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Seeing in the Dark: Bi blind writer discusses the disability experience in lit

by Belo Cipriani

Caitlin Hernandez is beaming as she wears rainbow face paint with stars, dots, and flower petals. Photo: Jack Sanders/Face paint: Haley Brown,
Caitlin Hernandez is beaming as she wears rainbow face paint with stars, dots, and flower petals. Photo: Jack Sanders/Face paint: Haley Brown,  

Award-winning author and bisexual, blind writer Caitlin Hernandez grew up in the 1990s — a time when adaptive technology, such as electronic Braille notetakers, were in their infancy. The web was just budding and digital accessibility was not in the forefront for many organizations.

Likewise, at an early age she discovered that access to characters with disabilities in books was scarce.

"Generally, though," said Hernandez, "I could only find disabled characters written by disabled authors in nonfiction and memoirs, such as Erik Weihenmayer's 'Touch the Top of the World,' which I read countless times just to find that disability representation."

While she could find solace in the works of young adult authors like Beverly Cleary, Lois Lowry, Bruce Coville, Judy Blume, Roald Dahl, and J.K. Rowling, in fiction Hernandez often found disabled characters to be horribly inaccurate or vaguely problematic. Today, in 2019, she is happy to see some improvements being made by the publishing world.

"I'm a big young-adult fan — it's what I love to read and write — and I'm delighted to see that #ownvoices representation of disability is on the rise. I'm currently reading and loving 'The Silence Between Us,' by Alison Gervais, and I loved Kody Keplinger's blind character of color in 'That's Not What Happened.'"

But while Hernandez, 29, admits there have been some advances made for disability inclusion in literature, she is also quick to point out there is still some work to be done.
"What we often find, unfortunately, are books which either glorify disability or make it pitiable," she said. "They're often written to make non-disabled readers, especially children, feel inspired or overly sympathetic. 'Wonder' [by R.J. Palacio] is an example which is still garnering a lot of attention, especially after the movie adaptation, which failed to cast an actor with a facial difference."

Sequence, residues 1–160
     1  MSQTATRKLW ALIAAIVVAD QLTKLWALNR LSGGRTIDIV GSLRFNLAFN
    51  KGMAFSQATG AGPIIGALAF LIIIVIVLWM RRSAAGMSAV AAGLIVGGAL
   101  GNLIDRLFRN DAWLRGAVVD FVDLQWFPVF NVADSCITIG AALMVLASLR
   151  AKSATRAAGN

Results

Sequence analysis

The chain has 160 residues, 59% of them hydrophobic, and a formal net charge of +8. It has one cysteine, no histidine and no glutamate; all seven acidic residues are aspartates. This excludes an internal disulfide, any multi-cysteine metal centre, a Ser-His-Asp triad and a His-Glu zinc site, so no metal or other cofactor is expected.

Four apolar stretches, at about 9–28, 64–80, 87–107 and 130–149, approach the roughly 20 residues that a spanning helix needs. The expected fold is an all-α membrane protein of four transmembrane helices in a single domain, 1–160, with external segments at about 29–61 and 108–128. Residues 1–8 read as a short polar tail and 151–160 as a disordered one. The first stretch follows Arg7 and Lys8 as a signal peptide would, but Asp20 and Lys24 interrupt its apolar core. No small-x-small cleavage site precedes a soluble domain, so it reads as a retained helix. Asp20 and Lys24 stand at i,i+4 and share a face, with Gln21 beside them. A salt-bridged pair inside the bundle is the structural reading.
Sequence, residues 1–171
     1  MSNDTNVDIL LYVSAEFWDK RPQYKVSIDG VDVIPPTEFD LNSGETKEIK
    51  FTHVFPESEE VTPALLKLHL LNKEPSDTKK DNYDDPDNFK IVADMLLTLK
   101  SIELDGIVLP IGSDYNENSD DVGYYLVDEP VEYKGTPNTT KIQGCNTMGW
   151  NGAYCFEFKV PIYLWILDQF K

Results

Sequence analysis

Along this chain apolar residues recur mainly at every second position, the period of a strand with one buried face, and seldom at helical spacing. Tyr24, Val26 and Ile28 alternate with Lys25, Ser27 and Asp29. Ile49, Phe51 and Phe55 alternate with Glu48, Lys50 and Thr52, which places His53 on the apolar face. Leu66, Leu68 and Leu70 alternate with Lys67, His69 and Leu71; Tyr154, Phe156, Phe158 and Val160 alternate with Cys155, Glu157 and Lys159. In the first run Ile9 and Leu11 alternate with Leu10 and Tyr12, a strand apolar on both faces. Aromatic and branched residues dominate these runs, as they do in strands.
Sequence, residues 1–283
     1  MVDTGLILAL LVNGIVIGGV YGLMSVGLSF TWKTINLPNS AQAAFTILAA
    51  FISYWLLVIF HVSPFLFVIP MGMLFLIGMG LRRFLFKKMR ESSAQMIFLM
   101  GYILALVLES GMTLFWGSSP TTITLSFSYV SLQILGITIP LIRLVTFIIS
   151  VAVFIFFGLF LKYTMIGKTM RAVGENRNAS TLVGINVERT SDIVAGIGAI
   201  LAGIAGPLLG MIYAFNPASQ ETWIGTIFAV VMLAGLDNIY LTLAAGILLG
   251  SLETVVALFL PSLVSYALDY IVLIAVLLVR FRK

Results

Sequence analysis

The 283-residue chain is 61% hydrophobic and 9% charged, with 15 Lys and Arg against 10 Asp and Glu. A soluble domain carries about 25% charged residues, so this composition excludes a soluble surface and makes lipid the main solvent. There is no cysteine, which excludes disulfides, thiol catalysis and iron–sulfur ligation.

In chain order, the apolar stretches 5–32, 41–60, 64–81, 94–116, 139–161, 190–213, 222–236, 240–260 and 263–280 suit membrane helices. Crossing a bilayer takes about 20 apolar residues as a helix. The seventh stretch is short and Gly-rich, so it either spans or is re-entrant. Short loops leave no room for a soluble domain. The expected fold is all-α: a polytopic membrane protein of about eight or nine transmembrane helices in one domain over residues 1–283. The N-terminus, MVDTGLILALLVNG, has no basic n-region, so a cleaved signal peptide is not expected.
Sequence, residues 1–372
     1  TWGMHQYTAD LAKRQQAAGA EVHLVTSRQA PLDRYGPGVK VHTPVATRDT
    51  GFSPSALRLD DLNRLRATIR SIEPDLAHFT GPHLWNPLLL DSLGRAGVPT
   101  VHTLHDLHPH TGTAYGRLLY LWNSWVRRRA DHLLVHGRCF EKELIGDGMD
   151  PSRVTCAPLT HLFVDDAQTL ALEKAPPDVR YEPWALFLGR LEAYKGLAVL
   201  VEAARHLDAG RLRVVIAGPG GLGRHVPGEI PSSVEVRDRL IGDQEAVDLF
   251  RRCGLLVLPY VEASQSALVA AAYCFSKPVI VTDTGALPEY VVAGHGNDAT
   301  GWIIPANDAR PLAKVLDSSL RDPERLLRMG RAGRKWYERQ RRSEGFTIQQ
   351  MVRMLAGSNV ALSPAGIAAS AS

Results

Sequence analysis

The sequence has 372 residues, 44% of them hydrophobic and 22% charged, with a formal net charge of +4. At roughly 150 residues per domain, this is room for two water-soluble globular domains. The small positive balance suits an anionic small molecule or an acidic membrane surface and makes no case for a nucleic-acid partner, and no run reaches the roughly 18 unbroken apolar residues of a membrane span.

The book is about a child who has a craniofacial condition.

"Simply put," she continued, "we [people with disabilities] know our experiences best. No matter how much research an author does or how many people they know, they cannot tell a story with as much accuracy, honesty, and heart as we can. It is their responsibility, as an author, to name this truth. This isn't at all to say that authors should never write outside their own, lived experience; rather, they should use their platform to both acknowledge those marginalized folks who have done the work to educate them, and to amplify the voices of those living in the margins they're writing about."

Hernandez currently belongs to a writing group of four blind women — who meet via teleconference — that has proved to be a catalyst for her in many ways.

"They're each so warm, caring, and accomplished in multiple ways, and I absolutely love having the chance to commiserate with and learn from them, not just about writing, but about both our unique and shared experiences as blind women," she said.

Caitlin Hernandez will be reading from her work Wednesday, September 25, at 7:30 p.m. at the Notre Dame de Namur University Welcome Center, located at 1500 Ralston Avenue in Belmont, California; Thursday, September 26, at 6 p.m. at the Holy Names University library at 3500 Mountain Boulevard in Oakland; and Monday, September 30, at 7 p.m. at Booksmith, 1644 Haight Street in San Francisco.

Full disclosure: Caitlin Hernandez is a contributing author to a book edited by Belo Cipriani.

Belo Miguel Cipriani is an award-winning author, prize-winning journalist, and the CEO of Oleb Media — an accessibility firm. Learn more at

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